Funding from the proposal is to be spent on state funding to cities and towns for road and bridge work, the Department of Transportation, the MBTA and the regional transit systems.
Supporters of the plan argued the increased funding is needed to clear the backlog of road, bridge and rail projects, improve the state’s transportation capital planning and to add funding to transportation agencies that run deficits and fund basic outlays, such as payroll, with borrowed money.
Patrick vetoed that bill because he said the new revenue is too low to meet the state’s transportation needs and the proposal did not address a potential end to tolls on the Massachusetts Turnpike west of Route 128. That veto, which put into question the new funding, led Patrick to strip millions of dollars of local aid from the budget.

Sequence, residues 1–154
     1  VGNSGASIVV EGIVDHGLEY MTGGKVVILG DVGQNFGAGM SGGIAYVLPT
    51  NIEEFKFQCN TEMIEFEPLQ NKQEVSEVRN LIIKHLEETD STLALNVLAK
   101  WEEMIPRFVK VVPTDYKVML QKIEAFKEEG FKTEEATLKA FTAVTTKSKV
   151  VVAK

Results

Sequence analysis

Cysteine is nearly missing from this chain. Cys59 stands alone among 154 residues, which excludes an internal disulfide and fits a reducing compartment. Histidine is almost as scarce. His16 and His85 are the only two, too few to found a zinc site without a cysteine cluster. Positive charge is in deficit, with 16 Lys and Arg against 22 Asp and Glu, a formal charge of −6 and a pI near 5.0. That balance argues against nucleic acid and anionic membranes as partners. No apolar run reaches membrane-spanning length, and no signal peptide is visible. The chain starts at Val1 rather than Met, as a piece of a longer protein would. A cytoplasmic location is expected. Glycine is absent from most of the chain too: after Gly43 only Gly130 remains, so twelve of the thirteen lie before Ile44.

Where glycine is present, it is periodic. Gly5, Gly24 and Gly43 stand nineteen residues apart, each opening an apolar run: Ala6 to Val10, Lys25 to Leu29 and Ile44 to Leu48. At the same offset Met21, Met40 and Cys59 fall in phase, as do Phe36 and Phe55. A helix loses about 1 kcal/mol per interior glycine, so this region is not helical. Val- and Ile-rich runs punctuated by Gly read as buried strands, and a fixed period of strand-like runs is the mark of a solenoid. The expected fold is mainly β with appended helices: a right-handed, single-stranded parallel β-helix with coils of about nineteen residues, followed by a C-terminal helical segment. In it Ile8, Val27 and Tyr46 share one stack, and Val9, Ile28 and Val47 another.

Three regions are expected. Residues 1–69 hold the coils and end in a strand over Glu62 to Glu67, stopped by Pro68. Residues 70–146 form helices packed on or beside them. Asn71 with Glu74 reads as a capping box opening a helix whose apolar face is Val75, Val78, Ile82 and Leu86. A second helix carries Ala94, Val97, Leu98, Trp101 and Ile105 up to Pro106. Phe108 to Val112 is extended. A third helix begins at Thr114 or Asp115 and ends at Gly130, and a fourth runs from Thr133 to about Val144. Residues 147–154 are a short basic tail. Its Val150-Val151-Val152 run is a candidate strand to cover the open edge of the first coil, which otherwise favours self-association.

The Legislature also overrode those cuts to local aid.
Since Patrick proposed $1.9 billion in new annual taxes in January, Democrats on Beacon Hill have balked, pushing back by crafting their own, smaller package of taxes. Republicans have steadfastly opposed any new revenue.
Patrick’s original proposal would have dedicated about $1 billion of the new revenue to transportation, with the remainder going to education.
State House News Service contributed to this report.
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